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Wednesday, 8 March 2000
Page: 14217

Ms MACKLIN (7:40 PM) —International Women's Day is a day for celebrating the achievements of women and also a day for identifying what barriers are still to be overcome. Our commitment to advancing the status of women is made even more important because of the disastrous impact the Howard government's policies are having on women. Australian women are hurting under this government. Rather than working to improve the status of women, the Howard government has implemented a litany of policies that turn the clock back and that make it harder, not easier, for women to participate fully as equal citizens. Let us just look at what they have done to child care. Budget cuts to child care under this government have resulted in the cost of child care rocketing up by at least $20 and sometimes $30 a week. The lack of access to child care is a barrier to many women realising their full potential, and restoring affordable, quality child care for women must be a priority for a government that is committed to advancing the status of women.

The government's industrial relations laws represent a major barrier to women's advancement. The government is determined to continue to strip awards back even further with the second wave of industrial relations changes. Women must continue the fight—women will continue the fight—against this government's industrial relations agenda. It is a recipe for poverty and sets the struggle for equal pay back even further. I want to take this opportunity tonight to pay tribute to Jennie George, the first woman president of the Australian Council of Trade Unions. Jenny has been an inspiration to Australian women both through her leadership and through her struggle for women's equal pay. Most recent has been her fight against the government's draconian industrial relations changes which, if they had been successful—and we hope they are not reintroduced—would have seen women's position in the work force deteriorate even further.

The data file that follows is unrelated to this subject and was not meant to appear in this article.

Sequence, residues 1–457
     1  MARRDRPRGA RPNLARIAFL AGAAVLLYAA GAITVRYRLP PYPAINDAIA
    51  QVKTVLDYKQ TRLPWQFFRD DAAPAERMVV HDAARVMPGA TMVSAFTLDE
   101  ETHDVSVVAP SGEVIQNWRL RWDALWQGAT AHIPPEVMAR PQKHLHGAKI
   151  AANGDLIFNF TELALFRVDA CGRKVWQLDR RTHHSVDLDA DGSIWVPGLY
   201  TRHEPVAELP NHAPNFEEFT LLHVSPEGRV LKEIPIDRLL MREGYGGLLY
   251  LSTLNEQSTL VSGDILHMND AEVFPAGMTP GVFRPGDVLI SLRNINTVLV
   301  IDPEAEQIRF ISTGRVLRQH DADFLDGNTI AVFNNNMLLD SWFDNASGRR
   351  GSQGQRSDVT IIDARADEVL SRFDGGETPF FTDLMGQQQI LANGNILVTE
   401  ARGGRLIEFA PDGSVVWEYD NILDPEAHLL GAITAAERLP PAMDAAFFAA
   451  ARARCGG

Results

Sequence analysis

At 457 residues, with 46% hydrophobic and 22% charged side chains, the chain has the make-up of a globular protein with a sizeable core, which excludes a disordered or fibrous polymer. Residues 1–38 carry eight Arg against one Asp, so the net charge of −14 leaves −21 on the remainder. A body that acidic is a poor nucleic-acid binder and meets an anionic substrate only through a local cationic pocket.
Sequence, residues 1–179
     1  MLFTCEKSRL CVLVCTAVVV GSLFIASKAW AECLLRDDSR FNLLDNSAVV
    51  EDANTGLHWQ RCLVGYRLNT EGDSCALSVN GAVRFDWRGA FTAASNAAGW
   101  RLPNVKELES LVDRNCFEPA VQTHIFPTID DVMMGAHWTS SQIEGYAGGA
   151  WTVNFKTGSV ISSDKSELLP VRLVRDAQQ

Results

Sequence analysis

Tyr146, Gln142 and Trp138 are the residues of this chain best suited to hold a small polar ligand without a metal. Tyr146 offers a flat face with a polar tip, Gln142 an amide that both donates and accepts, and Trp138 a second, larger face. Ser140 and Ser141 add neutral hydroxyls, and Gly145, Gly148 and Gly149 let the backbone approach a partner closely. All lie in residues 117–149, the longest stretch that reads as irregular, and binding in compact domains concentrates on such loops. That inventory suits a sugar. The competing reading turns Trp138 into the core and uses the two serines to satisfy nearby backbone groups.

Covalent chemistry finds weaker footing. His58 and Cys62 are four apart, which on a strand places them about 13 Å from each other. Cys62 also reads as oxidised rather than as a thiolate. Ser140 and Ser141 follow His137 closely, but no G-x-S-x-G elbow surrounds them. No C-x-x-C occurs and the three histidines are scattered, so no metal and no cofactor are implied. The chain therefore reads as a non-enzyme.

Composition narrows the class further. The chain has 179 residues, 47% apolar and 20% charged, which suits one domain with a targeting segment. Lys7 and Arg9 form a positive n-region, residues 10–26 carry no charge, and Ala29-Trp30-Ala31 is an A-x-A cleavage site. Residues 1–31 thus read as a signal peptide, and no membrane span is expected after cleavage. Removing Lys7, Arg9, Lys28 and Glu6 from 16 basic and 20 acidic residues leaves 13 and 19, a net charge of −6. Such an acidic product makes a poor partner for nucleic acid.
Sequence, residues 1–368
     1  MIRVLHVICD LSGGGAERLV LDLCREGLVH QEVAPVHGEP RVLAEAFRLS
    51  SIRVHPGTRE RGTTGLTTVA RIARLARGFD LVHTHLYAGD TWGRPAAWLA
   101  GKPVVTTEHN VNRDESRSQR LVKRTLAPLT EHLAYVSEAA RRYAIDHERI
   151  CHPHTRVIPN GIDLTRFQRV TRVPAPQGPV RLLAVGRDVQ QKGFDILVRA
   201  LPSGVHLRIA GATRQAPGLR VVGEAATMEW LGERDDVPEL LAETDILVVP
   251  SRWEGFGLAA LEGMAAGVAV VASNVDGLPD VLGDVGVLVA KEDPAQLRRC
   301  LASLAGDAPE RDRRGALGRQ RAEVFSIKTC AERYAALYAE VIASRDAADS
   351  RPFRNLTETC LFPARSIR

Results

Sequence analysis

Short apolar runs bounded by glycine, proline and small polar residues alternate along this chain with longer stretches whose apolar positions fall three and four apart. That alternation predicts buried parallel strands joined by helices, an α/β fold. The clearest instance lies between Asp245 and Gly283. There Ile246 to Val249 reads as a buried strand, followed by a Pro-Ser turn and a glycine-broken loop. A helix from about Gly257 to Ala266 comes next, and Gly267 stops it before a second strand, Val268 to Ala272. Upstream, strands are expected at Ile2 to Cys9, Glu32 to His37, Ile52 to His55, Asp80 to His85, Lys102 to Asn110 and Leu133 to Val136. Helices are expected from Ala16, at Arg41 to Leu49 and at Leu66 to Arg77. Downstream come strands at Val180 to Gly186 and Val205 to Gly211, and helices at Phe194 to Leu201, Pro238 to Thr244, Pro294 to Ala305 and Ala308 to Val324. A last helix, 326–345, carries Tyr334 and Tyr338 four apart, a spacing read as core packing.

Of course, now we see the government's attack on women extending to its taxation policy. The new 10 per cent GST is an unfair and discriminatory tax that will hit Australian women hardest. Women are on the lowest wages and are more likely to be social security recipients. It is these women who will bear the brunt of the new tax. The government has no understanding of the complexity of women's lives and no interest in assisting women to juggle work and family responsibilities. Women in the 21st century want to combine their work and family lives. To do this they need more family friendly workplaces, including the provision of family leave, paid maternity leave and family facilities at work. Of course, the Howard government has demonstrated that it is unable to develop and implement policies that address these needs.

Nine months ago the government was presented with the Human Rights and Equal Opportunity Commission's report Pregnant and productive: It's a right not a privilege to work while pregnant. Despite the report's disturbing findings, the government has not acted on any of these recommendations. The opposition has taken up this blueprint for action and is committed to ensuring it is implemented. I have drafted a private member's bill to amend the Sex Discrimination Act 1984 to implement some of the report's recommendations, and I will introduce this into the parliament in the next sitting week.

The 21st century does offer great opportunities for Australian women, but there are, and will continue to be under this government, real barriers to achieving any of these possible gains. The barriers include the lack of affordable quality child care, the stripping of awards that are removing much needed protection for Australian women workers and the need for greater flexibility in the use of entitlements for family and personal leave. We need taxation and social security arrangements that encourage women to return to work and increase their hours of work, not discourage them, which is what this government is doing. The removal of labour market programs that had proven benefits to women was, of course, another mark of this government. This Howard government is not interested in improving the status of women; it is actively undermining women's advancement. It is a government for the few and a government stuck in the past. It is definitely not a government for the modern Australian woman.